Abraço e até breve.
Preparations for the “Rumble in the Jungle II – A Missão” continue very much like the series of famous Hollywood movies: Fast and furious.
In between all the miriad things involved in running a tournament I also took the time to work on some new scenery pieces to dress our tables for the event. If you’re following our Facebook page or our Instagram account you’ve probably seen a sneak peek of what we’ve been working on, and because of the photos we’ve published on the aforementioned social media outlets, we have received a few requests to share how we went about weathering some of the scenery pieces we’ve been working on.
Not wanting to keep my readers in the dark I thought it would be a nice idea to share the painting process of one of my new scenery pieces, an Imperial Bastion from Games Workshop.
Unfortunately I won’t have here photographs of the first steps of the painting process (which I’ll probably cover in more detail in another article soon), but it is pretty simple and easy to understand with a description.
I started by applying a black primer over the entire model, followed by an application of a dark metallic paint covering all the primer. When the metallic paint dried I applied a paint mixture to simulate rust, a lot like what I described on my salt weathering article.
When that rust wash was dry it was finally time to begin painting and to begin this quick tutorial article.
When I was researching weathering techniques and came across the aforementioned salt weathering technique I also found out about hairspray weathering, which consisted in applying a coat of hairspray to your model before applying paint and later peeling off the paint to reveal whatever was underneath when the paint applied over the hairspray was moistened with warm water.
Acording to the articles this technique produced a great effect of scratched paint, which is exactly what I wanted for this scenery piece in particular, so it was high time I gave it a go. So my first step was to apply a coat of hairspray on top of the entire model after the rusted metallic basecoat was dry. In order to protect the original paint I applied a coat of gloss varnish and waited for it to dry before I applied the hairspray.
With the hairspray dry it was time to begin painting. Using an airbrush I applied a coat of yellow over the entire model.
I painted two Imperial Bastions, so, in order to differentiate between the two, I thought about making this one a command fortification. To denote the differentiated status I decided to apply a strip of a different color on some of the building’s facades, and to protect the yellow from overpray from the airbrush I used some masking tape.
With my base colors done, it was time to begin the weathering process. Different from the salt weathering technique, when all I had to do was dousing the salt with water and wait for it to dissolve, the process here takes a while longer and demands a little more effort, but gives in my opinion it gives the painter a lot more control over where you’ll get the scratches on the paint.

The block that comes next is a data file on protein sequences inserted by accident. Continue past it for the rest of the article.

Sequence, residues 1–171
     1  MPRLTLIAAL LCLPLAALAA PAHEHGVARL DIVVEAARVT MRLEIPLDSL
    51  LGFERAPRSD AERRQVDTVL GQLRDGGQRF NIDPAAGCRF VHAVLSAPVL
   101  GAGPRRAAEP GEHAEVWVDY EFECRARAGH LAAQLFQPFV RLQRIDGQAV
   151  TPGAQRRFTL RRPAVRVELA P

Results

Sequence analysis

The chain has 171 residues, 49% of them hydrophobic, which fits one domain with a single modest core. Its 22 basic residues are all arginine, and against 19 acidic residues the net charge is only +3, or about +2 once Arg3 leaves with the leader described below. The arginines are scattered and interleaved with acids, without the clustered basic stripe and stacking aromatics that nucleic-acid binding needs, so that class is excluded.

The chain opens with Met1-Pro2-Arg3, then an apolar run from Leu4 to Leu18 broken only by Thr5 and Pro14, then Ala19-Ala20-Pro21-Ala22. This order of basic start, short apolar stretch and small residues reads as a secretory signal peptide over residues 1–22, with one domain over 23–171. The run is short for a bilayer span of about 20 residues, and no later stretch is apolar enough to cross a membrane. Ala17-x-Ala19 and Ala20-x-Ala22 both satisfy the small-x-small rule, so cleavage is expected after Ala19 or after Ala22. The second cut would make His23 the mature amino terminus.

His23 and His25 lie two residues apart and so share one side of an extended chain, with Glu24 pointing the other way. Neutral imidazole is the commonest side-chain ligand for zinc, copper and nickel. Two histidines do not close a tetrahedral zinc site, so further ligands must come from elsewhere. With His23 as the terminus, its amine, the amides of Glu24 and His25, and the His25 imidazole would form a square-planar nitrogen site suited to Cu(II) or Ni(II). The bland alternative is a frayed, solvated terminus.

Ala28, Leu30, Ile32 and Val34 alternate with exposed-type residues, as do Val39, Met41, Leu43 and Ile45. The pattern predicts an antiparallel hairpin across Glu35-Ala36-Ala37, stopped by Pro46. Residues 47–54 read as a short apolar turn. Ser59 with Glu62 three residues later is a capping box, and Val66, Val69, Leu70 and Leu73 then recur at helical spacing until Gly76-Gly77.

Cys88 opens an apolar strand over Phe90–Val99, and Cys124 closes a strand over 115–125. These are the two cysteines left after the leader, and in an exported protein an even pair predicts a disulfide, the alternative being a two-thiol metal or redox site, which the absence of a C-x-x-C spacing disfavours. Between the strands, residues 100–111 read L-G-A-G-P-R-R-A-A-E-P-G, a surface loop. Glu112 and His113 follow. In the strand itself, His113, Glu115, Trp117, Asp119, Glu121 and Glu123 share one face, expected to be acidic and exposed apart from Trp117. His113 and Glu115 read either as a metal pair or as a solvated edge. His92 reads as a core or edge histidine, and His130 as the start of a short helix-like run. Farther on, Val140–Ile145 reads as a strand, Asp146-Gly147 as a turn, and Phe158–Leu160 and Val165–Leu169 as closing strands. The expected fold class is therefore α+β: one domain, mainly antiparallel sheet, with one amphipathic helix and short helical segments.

To start the process you need to apply some warm water on top of model moistening the paint. The water will seep through and dissolve the hairspray beneath loosening the paint applied on top of it and allowing us to scratch it off using a toothpick or a brush with stiff bristles.
After I was done with removing the paint I felt like the bastion needed that extra “bling” to further enforce its command status, and I felt this would be a great opportunity to use a stencil. I had a couple of self adhesive vinyl stencils produced by Fallout Hobbies to use with airbrushes, especially their Vehicle Squad stencil (for adding unit markings to vehicles) which sported a skull with laurels which would be spot on for what I needed.
It was time to add masking tape to the model again.
After the detail was applied with the stencil I added some weathering to it, distressing the paint just like I had done to the yellow and red previously applied.
After I was satisfied with all the weathering to the paint I sealed the paintjob with another coat of gloss varnish and proceeded to add some rust streak marks using the same mixture of paints originally applied to the metallic basecoat. I also went back to some of the metal parts that looked too dulled and re-applied some of the original metal color.
When I was done with all the weathering steps it was time to add the fine detail to the building painting some lenses and lamps. For the lamps I wanted to try some OSL (Object Source Lighting) so I broke out the airbrush once more to paint the lighting effect.
In the end the entire process was a great learning experience of yet another useful technique I’ve added to my repertoire, and I was really satisfied with the final result, which I’ll showcase soon on the gaming tables of the Rumble in The Jungle II.
And on that note, we wrap up this article. See you soon!
Over and out.